Klobuchar and Biden put America first with two memorable debate moments - Baltimore Post-ExaminerBaltimore Post-Examiner

Klobuchar and Biden put America first with two memorable debate moments

Amy Klobuchar with her husband John and daughter Abigail at her side, waves to the crowd after announcing her bid for the presidency at Boom Island Park in Minneapolis, Minnesota Author Lorie Shaull from Washington, United States

BALTIMORE —  One o’clock Saturday afternoon, I’m watching CNN and wondering how much money they blew on a presidential poll that makes them look so blatantly out of date.

As we head into Tuesday’s New Hampshire Democratic primary, the CNN poll says Bernie Sanders leads all opponents with 28 percent support, slightly ahead of Pete Buttigieg, but never mind that. It says Joe Biden has slipped to 11 percent, and Elizabeth Warren slipped to 11 percent and Amy Klobuchar’s stuck at 5 percent.

But never mind any of that.

Interviewing for the poll finished Friday night – just as the three-hour Democratic debate was getting started.

And so, as CNN admits, “The survey does not reflect any reaction to that debate.”

Then why bring it up at all? Why bring it up when these candidates for president spent three full hours telling America what they think of such contentious matters as health care, race relations, climate change, job creation, and the ongoing, soul-killing atmosphere revolving around President Donald Trump.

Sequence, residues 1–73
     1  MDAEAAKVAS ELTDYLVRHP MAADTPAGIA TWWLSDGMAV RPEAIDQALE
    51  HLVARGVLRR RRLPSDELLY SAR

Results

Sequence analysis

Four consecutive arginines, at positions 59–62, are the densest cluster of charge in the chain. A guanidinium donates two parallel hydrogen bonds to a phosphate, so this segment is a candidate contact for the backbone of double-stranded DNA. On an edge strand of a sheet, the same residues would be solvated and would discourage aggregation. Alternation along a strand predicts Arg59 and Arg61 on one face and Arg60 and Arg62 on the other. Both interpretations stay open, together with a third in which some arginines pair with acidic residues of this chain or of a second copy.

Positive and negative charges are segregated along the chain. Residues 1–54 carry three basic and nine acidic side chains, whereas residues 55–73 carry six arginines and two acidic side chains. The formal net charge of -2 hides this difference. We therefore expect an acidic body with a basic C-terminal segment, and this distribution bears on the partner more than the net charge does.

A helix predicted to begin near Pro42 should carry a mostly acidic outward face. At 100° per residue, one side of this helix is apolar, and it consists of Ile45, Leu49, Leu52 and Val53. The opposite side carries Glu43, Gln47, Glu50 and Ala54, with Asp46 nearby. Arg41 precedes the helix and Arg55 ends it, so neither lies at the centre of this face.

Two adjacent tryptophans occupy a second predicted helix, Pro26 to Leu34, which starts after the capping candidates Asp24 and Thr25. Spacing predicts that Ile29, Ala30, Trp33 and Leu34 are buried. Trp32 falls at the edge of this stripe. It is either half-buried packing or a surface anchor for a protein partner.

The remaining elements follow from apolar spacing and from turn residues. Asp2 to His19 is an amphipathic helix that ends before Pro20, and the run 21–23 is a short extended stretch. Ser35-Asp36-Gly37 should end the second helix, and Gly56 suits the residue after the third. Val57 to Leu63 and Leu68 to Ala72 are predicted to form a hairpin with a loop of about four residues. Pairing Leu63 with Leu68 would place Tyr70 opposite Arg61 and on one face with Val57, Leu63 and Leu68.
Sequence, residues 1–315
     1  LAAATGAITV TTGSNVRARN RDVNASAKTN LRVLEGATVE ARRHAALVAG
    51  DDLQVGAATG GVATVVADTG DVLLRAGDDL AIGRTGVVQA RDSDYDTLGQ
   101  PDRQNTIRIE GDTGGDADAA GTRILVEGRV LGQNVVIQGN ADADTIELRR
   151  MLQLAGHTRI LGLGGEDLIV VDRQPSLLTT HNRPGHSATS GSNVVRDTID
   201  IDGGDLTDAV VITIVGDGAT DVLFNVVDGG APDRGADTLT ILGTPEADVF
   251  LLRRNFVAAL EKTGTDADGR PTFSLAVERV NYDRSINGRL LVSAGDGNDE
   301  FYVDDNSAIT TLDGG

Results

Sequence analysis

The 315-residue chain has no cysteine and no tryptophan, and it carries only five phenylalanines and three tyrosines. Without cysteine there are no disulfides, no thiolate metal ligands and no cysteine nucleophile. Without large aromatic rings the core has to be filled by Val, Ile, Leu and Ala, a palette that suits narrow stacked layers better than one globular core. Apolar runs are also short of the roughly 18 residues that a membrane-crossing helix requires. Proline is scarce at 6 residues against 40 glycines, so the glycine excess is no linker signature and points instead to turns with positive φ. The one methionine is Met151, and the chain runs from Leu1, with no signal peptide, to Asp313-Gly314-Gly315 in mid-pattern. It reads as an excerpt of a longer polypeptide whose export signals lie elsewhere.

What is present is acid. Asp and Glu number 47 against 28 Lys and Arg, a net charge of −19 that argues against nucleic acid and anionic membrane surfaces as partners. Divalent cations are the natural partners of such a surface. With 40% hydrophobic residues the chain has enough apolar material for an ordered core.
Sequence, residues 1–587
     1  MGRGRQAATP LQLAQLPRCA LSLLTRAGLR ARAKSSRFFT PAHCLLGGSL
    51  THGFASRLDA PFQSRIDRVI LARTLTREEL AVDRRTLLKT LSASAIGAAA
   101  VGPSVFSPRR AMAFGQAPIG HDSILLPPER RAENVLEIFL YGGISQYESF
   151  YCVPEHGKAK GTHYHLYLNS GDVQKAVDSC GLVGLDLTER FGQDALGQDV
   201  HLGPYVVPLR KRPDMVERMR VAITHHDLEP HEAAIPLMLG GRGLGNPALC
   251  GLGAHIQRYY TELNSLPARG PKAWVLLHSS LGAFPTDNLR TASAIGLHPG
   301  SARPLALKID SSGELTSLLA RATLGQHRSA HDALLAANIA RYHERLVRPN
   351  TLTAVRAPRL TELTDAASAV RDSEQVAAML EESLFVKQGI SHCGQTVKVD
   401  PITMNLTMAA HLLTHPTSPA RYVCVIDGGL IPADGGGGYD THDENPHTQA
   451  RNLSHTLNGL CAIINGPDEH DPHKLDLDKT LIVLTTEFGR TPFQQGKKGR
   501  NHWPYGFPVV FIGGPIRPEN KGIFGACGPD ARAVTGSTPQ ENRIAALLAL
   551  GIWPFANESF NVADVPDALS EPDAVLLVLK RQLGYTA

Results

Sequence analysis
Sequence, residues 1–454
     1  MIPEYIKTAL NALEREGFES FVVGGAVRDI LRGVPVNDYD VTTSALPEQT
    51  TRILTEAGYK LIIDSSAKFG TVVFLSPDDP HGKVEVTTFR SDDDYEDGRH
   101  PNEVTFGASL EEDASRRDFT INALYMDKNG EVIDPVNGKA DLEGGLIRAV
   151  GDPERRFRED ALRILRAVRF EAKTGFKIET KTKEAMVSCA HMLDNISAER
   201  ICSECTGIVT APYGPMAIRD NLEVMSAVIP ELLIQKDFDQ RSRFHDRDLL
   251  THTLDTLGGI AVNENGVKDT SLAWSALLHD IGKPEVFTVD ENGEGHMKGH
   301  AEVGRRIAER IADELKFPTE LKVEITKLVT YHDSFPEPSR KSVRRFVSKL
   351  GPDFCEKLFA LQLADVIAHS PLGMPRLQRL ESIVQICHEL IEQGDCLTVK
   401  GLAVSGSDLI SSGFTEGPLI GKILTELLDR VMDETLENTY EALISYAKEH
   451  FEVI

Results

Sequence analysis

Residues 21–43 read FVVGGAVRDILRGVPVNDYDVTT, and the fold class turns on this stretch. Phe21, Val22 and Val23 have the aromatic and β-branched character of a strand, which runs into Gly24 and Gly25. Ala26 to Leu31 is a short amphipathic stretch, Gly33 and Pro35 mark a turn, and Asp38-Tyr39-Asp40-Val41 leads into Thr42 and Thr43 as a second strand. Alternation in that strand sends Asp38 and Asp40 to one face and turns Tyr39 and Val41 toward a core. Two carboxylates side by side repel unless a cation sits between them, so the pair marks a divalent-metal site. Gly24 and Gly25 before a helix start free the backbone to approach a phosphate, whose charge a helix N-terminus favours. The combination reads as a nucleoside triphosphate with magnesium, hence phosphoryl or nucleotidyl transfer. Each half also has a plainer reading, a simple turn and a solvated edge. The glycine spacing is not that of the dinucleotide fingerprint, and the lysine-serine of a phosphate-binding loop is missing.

And why, if the poll is already so outdated, am I bringing it up at all?

Because there was a moment at Friday’s debate that seemed to cut through all the political nit-picking, all the economic double-talk, all the nerdy statistics that leave you feeling chloroformed, and it spoke to us in human terms, and maybe even changed some people’s thinking.

It took, by the clock, precisely 32 seconds, and it came near the very end of the debate, but it touched on an American family legacy – and, in a week of poisonous retribution from Donald Trump to Andrew Vindman, it reminded me of that family legacy, as well.

But this time it was Amy Klobuchar, the Minnesota senator who offered us this, in her closing statement Friday:

“Donald Trump built his fortune, over time, on $413 million that he got from his dad. My grandpa – he was an iron ore miner, a union member, worked 1,500 feet underground, and he saved money in a coffee can in the basement to send my dad to a community college.

“That’s my family trust. And I figure, if you are given opportunity, you don’t go into the world with a sense of entitlement, you go into it with a sense of obligation – an obligation to lift people up instead of hoarding what you have for yourself.”

She had me at “grandpa.”

I’m sentimental about family histories, and I’m ferocious when it comes to people with money looking strictly to enrich themselves even further, and like millions of Americans, I know about grandparents saving money in something like a coffee can so that kids’ lives can be a little bit better than their parents’ lives.

I can’t think of another moment in Friday’s debate that touched me as deeply as Klobuchar’s family recollection.